Ben Greenfield is a health and fitness expert, personal trainer, speaker, and New York Times bestselling author who’s been featured on Fox News, CBS, NBC, Runner’s, USAT, The Huffington Post, WebMD, and Shape.
When he’s not running around with his twin boys, running his personal training clients hard or running to speaking events, he runs obstacle course races, his own health and fitness brand and a wildly popular blog and podcast!
Here, Ben chats with us about health, blogging, nutrition and fitness research, and how people can make the biggest, most positive impact on the world.
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This article is part of the Nutrishatives’ Ask an Expert Series, where we chat with movers and shakers in health, wellness, nutrition and medicine about their careers, their current work and their expert opinions on… well… their area of expertise!
Your resume is unbelievably impressive. It seems as if you could have gone into nearly any field of work and enjoyed serious success. What made you decide on a career in health and fitness?
What made me decide on a career in health and fitness was the fact that I got very interested in tennis when I was in high school. Up until that point, I was president of the chess club, played the violin for 13 years, was a quintessential geek who loved fantasy fiction and World of Warcraft, but it was really tennis that got me very interested in the health and fitness sector. After walking onto the college tennis team, I declared myself a kinesiology major and continued to just geek-out on health and fitness and medicine for the rest of my career.
And what a career you have: coaching, public speaking, running your own supplement and fitness gear brand, managing a blog and a vibrant online community. You are a seriously busy man. How do you find time to take care of your own health (and do things like, you know, run an Ironman race) with so many other things going on in your life?
Well, I have intense rituals and habits and routines, and you can go read the recent post that should still be on the front page of www.bengreenfieldfitness.com to see those.
And in addition to that, I really am kind of an idiot savant. I don’t pay attention to politics or pop culture or any of those things. I just focus on family, on health and fitness, on hobbies, and on those things I know move the dial most in my life and allow me to fulfill my purpose in life, which I believe everyone should have and be able to very strongly define. And that purpose is to empower people to live a more adventurous and joyful and fulfilling life.
Browsing your website — the public face of your business — one notices very quickly that the content is as diverse, impressive and eclectic as your personal background. How do you choose what topics to explore, which experts to interview and what content to publish? Do you have a process or guidelines for deciding what makes the cut? Or do you simply try to include as much, and as much variety, as you can — a kind of “seize every opportunity” approach?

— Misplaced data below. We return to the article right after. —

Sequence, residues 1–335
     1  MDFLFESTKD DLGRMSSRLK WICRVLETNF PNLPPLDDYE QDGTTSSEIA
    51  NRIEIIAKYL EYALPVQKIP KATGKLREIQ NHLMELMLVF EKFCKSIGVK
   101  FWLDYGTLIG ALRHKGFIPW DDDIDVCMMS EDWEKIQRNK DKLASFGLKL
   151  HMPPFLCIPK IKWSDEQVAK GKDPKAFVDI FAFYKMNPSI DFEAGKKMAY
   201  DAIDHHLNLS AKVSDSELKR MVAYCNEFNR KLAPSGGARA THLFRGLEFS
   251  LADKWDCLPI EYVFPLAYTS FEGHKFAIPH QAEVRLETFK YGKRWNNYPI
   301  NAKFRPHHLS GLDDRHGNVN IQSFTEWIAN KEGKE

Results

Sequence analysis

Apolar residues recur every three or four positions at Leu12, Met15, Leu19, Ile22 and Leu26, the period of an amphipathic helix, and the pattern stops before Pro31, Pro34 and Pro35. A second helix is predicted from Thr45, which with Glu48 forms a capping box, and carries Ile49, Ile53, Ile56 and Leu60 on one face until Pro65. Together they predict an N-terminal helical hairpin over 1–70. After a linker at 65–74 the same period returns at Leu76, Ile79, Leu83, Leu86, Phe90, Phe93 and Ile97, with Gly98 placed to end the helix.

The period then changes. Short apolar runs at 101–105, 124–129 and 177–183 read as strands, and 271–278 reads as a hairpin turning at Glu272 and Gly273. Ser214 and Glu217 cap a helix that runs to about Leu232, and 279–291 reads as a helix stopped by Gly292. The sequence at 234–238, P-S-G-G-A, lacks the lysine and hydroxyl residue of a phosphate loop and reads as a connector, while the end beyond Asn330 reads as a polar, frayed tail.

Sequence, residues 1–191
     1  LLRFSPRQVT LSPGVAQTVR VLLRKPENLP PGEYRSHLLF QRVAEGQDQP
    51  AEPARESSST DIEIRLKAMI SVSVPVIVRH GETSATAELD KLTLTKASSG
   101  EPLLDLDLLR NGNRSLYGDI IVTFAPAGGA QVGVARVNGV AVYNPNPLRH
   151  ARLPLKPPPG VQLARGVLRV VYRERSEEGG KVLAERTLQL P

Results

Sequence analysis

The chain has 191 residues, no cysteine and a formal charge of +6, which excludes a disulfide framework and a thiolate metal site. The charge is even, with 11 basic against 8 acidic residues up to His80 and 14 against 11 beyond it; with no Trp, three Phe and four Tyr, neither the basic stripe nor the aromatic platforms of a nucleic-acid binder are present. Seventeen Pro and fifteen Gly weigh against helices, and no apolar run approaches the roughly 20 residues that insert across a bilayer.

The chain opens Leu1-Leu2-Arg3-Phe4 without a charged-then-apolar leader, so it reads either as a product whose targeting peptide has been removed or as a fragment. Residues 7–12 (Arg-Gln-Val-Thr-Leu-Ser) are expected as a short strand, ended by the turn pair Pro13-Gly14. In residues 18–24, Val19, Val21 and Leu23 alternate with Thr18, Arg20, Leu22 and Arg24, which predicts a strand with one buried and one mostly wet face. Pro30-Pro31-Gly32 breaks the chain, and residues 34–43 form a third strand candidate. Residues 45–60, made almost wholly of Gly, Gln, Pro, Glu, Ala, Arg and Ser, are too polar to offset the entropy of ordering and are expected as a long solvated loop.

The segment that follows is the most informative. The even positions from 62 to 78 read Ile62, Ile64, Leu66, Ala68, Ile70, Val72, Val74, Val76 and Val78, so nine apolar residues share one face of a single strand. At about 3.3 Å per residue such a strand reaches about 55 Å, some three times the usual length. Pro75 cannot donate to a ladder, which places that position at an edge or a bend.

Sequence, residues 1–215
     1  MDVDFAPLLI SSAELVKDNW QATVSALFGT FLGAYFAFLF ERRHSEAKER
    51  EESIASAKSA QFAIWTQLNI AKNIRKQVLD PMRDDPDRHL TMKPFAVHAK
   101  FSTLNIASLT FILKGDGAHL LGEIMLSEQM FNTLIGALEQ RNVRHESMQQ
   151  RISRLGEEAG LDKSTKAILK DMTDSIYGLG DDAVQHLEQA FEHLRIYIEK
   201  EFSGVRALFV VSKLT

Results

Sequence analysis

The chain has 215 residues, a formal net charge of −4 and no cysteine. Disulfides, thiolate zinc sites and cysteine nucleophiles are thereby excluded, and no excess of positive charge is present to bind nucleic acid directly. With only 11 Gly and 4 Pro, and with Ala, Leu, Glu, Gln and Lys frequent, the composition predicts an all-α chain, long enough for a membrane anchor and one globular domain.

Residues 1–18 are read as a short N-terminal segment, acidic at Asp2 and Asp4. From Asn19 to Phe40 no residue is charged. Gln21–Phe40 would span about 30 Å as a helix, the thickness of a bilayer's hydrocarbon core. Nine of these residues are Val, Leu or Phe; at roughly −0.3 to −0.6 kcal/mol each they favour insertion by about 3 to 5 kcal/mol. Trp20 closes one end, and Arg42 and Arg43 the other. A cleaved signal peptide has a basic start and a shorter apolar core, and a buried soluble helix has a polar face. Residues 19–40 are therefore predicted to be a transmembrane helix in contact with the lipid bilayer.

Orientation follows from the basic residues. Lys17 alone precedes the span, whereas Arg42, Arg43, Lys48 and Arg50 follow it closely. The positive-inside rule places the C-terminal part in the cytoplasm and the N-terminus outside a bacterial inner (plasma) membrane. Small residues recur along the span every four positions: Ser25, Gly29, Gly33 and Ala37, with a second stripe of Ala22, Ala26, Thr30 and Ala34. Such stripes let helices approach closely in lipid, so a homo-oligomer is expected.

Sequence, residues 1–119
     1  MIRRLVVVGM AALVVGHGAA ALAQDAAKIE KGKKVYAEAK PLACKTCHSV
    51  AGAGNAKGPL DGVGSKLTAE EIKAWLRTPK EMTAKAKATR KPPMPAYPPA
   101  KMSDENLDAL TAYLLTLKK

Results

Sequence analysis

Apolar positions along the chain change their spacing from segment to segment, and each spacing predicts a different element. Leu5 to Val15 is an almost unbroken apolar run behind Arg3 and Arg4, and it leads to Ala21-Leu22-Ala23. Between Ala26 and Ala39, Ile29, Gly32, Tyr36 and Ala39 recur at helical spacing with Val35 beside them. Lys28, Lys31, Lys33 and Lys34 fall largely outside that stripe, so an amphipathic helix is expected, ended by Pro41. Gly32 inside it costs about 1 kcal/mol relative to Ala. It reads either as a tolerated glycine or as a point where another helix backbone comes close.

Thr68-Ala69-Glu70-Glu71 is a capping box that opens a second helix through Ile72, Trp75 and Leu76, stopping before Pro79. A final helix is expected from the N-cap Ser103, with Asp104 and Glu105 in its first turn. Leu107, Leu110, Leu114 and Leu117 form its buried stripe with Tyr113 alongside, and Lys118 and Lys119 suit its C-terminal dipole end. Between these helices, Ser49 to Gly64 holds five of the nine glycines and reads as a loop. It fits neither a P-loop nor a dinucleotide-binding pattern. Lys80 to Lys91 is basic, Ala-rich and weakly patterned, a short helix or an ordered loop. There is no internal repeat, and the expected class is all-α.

Honestly, the way that I choose what to write about is what I’m interested in and delving into, you know. Recently, I published a post on smart drugs and psychedelics because that’s an area I’m exploring quite a bit. Often, I will prioritize something if it appears the rest of the world is interested in that, too. With the emergence of Michael Pollan’s new book [about psychedelics], for example, that is called How to Change Your Mind, that is indeed the case [with smart drugs].
So, it’s kind of mix of what I’m interested in and what the world seems to be interested in because if I write about what I’m interested in, my purpose and my passion is going fuel that content and if the world is interested in it, of course, they are going to come and read it.
In addition to being broad, your content is also very inclusive. For example, you interview ketogenic diet experts, but also vegan athletes. There is no dogmatic spin to your site in any way, shape or form. Does Ben Greenfield Fitness reflect your personal approach to health and nutrition? Or do you see your site as a platform to discuss health and nutrition, in general, and you hold your personal beliefs at a distance?
Yes! We live in an era of self-quantification and customization. A single solution isn’t right for everyone. That ketogenic diet that worked to help your neighbor lose 20 pounds not necessarily going to work for you because you have a PPAR-gene issue, or a familial hypercholesterolemia, or you have a saturated fat digestive enzyme deficiency that keeps you from properly digesting those fats.
So, ultimately, I try to approach everyone as a unique individual person and I do not have a dogmatic approach at all. You are correct.
Are there any health claims you wouldn’t let on Ben Greenfield Fitness? That is to say, do you think there are some facts in health and medicine that are so clear, that you should not publish opinions to the contrary? If so, what facts are they?
Well, I’m not a big fan of health claims that simply say, “Oh, because people have done this for hundreds of years, or thousands of years, it’s right” or “it works.” I’m also not a fan of health claims that don’t really have good research or studies behind them.
So, generally, I have to be able to trace a health claim back to a research study, preferably in humans and preferably something that simulates, you know, the actual dosage and environment used in that particular study for me to recommend it. I certainly follow quite a bit in terms of PubMed and science feeds and spend nearly an hour each day just immersed in articles and reading and researching and writing to allow for that to happen.